Women who have known Supreme Court nominee Brett Kavanaugh personally and/or professionally gathered Friday to assert that the allegations of sexual abuse against him are false.
“Those of us who know Brett best, now and in high school, know that he is a man of honor, integrity, and compassion. He has always been a good person and is a true friend,” said Meghan McCaleb.
McCaleb has known Kavanaugh since high school and her sister dated him.
“The Brett Kavanaugh I know was there when one of my closest friends lost her husband to [Lou Gehrig’s disease], and he invited my friend’s daughter to the father-daughter dance that first year, and every year since,” McCaleb said at a news conference at the JW Marriott hotel in Washington. “The Brett Kavanaugh I know was days away from his confirmation hearing when my father passed away.”
She added that Kavanaugh skipped his confirmation hearing preparation to be present at her father’s funeral, then “prepared all afternoon for his hearing, and then asked if he could stop by my house that night to chat with my mom and my family.”
McCaleb was joined at the press conference by more than 70 other women who either knew Kavanaugh as peers in high school or as professional colleagues to share their stories and why they don’t believe the allegations of sexual assault from Christine Blasey Ford.
Ford, now a 51-year-old research psychologist in Northern California, told The Washington Post that Kavanaugh held her down, groped her, and tried to remove her clothes in a bedroom during a house party in the early 1980s in Montgomery County, Maryland.
Kavanaugh has categorically denied the charge.
“I have known Brett Kavanaugh since high school. I dated him briefly in college and have remained friends with him ever since,” Maura Fitzgerald said.
“The allegation against Brett is inconsistent with everything I have known about him as a person,” she added. “In both public and private, Brett treated me and everyone I know with respect. He has always been kind and good-natured. He has always been caring and concerned with the well-being of others.”
Sara Fagen, a friend and former colleague who worked with him at the White House during the presidency of George W. Bush, said “women from every phase of Judge Kavanaugh’s life, those who know him best, have stepped forward to say that the allegation being leveled against him is false, and we are proud to stand with Brett.”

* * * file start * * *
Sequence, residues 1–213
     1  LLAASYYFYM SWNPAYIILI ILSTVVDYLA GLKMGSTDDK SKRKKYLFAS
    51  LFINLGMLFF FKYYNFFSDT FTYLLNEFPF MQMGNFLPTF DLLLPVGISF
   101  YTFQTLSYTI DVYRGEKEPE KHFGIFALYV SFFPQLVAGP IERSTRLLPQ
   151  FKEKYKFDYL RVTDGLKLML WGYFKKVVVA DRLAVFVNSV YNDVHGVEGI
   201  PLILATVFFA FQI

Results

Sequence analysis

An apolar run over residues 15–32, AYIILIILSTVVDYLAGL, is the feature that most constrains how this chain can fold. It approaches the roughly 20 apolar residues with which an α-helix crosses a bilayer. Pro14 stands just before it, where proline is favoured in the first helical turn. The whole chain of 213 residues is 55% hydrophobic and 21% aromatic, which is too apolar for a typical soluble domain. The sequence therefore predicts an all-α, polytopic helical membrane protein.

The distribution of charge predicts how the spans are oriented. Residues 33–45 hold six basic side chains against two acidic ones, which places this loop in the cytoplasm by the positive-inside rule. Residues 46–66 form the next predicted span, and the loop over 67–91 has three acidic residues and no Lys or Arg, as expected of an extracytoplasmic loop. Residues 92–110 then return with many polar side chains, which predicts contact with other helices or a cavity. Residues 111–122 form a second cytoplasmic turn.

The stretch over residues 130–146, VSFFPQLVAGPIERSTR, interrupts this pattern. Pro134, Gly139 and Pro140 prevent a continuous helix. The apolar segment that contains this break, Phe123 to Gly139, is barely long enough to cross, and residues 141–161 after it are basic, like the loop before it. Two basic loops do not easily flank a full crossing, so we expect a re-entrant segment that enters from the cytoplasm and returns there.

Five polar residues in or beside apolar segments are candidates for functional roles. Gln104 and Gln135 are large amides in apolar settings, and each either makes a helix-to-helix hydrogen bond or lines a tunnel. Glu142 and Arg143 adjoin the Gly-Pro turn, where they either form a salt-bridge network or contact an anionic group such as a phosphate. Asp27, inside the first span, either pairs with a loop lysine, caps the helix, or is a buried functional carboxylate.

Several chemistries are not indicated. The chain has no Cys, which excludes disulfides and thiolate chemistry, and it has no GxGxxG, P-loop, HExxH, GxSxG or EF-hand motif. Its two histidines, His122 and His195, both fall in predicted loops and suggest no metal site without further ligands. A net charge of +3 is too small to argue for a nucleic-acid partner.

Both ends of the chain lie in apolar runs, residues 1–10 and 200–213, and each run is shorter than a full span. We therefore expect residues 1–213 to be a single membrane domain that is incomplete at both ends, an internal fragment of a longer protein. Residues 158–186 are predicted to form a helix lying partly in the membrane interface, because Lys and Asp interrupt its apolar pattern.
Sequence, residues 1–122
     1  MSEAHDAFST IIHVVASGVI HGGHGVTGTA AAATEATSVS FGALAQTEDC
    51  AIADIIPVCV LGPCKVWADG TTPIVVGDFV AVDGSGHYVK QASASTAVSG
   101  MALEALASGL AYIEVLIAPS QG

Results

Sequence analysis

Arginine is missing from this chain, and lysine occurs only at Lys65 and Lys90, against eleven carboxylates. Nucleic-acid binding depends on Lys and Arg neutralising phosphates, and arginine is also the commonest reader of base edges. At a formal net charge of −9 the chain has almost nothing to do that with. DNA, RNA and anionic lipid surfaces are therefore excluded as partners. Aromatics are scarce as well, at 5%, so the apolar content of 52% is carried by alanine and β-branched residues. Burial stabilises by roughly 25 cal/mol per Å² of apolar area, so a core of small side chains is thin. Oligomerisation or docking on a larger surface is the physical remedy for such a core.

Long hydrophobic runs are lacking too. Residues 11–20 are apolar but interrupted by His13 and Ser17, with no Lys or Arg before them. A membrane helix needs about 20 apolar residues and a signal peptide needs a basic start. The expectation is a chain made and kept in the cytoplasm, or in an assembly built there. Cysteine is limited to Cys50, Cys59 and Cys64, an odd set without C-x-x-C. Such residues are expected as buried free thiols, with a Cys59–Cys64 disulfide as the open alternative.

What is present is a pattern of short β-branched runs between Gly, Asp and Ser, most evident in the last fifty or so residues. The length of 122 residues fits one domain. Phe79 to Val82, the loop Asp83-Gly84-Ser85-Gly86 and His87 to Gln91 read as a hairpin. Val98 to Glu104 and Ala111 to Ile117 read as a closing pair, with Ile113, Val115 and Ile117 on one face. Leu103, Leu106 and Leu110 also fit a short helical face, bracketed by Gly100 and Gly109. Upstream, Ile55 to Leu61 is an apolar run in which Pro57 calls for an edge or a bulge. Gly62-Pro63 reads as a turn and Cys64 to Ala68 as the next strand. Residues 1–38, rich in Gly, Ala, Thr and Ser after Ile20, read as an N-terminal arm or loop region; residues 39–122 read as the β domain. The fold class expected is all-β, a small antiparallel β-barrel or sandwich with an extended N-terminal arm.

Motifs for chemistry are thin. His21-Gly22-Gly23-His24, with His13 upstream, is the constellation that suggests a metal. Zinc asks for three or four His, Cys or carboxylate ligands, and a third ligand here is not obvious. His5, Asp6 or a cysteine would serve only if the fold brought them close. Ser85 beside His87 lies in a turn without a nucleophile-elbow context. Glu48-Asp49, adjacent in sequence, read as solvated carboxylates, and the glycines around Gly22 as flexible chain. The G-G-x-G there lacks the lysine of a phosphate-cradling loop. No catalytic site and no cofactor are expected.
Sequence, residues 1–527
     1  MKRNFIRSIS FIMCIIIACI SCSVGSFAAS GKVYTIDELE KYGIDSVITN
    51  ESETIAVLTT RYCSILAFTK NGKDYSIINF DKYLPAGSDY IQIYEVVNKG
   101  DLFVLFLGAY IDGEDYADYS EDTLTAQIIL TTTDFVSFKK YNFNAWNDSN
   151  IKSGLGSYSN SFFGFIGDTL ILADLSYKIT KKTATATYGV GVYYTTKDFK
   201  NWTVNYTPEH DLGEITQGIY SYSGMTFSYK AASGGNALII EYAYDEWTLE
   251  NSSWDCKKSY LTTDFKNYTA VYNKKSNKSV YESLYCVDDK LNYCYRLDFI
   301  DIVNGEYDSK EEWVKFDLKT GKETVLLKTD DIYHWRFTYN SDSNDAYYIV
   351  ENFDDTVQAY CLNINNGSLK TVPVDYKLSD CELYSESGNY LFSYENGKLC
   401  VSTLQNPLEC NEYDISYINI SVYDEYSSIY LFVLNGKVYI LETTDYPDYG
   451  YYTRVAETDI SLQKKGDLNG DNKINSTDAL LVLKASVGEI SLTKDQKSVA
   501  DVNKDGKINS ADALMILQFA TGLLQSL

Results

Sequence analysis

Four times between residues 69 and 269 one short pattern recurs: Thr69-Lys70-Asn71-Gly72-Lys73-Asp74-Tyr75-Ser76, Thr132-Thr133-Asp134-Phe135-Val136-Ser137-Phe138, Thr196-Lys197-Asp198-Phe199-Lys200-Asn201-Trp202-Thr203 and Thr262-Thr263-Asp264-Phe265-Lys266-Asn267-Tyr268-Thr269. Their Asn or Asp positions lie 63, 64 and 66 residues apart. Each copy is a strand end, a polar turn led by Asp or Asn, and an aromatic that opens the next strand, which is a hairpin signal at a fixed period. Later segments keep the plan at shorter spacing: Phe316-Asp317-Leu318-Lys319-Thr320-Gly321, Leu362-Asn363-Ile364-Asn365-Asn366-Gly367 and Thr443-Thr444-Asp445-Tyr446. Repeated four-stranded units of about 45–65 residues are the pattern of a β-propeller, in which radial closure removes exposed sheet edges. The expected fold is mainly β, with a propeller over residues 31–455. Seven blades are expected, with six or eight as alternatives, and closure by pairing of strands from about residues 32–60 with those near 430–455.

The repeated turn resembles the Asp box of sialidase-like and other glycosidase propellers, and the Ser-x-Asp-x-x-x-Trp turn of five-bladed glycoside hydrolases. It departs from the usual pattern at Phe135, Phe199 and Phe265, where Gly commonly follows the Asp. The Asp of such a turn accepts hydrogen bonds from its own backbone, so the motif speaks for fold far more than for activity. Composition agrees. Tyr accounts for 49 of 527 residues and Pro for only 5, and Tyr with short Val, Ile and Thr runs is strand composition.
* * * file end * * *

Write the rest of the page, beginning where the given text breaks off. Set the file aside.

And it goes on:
“Our friendship was forged on 9/11, the fateful day when many of my colleagues and I hastily left the White House after being told by a Secret Service agent to run as fast as we could,” Fagen said.
“Within seconds, I was in a sea of strangers walking up 17th Street, scared and alone, with nothing in my pocket. I looked up, and there was Brett Kavanaugh,” she said. “My colleague took care of me that day. He made sure I was safe, had food and money, and also made sure I got home safely that evening.”
Ford reportedly wrote a confidential letter in July describing the alleged incident and sent it via Rep. Anna G. Eshoo, D-Calif., to Sen. Dianne Feinstein, D-Calif., who serves on the Senate Judiciary Committee, which is weighing Kavanaugh’s nomination to the nation’s highest court.
The last-minute accusation prompted the postponement of the committee’s scheduled vote Thursday on the nomination, which then would have gone to the Senate floor for an up-or-down vote.
Kavanaugh, a federal appeals court judge since 2006, is expected to testify again next week before the committee, and the panel has reportedly given Ford’s attorney until the end of the day Friday to work out the details of a hearing to review Ford’s allegations.
Laura Cox Kaplan, another friend and former colleague of Kavanaugh, who said she grew up in Rising Star, Texas, miles away from where Kavanaugh’s wife, Ashley, grew up, said she is close friends with the Kavanaugh family and is disheartened by the allegations against him.
“I am heartbroken over the way that this precious family has been treated,” Kaplan said. “What saddens me the most is the fact that I know this person, Brett Kavanaugh, to be a person of the highest moral character and integrity, one who is humble, who puts others before himself, and someone who is beyond well-qualified for the position of the Supreme Court.”
Cathie Martin, another friend and former White House colleague of Kavanaugh, who has known him for more than two decades, said he is of impeccable character.
“He is one of the most decent, honorable, and good-hearted people I know. He is a man of high integrity and character,” she said. “I have never seen him be anything but a true gentleman in all aspects of his life.”
“I am here today because I know Brett Kavanaugh,” Martin said. “Brett Kavanaugh is a good man, who is incapable of mistreating anyone.”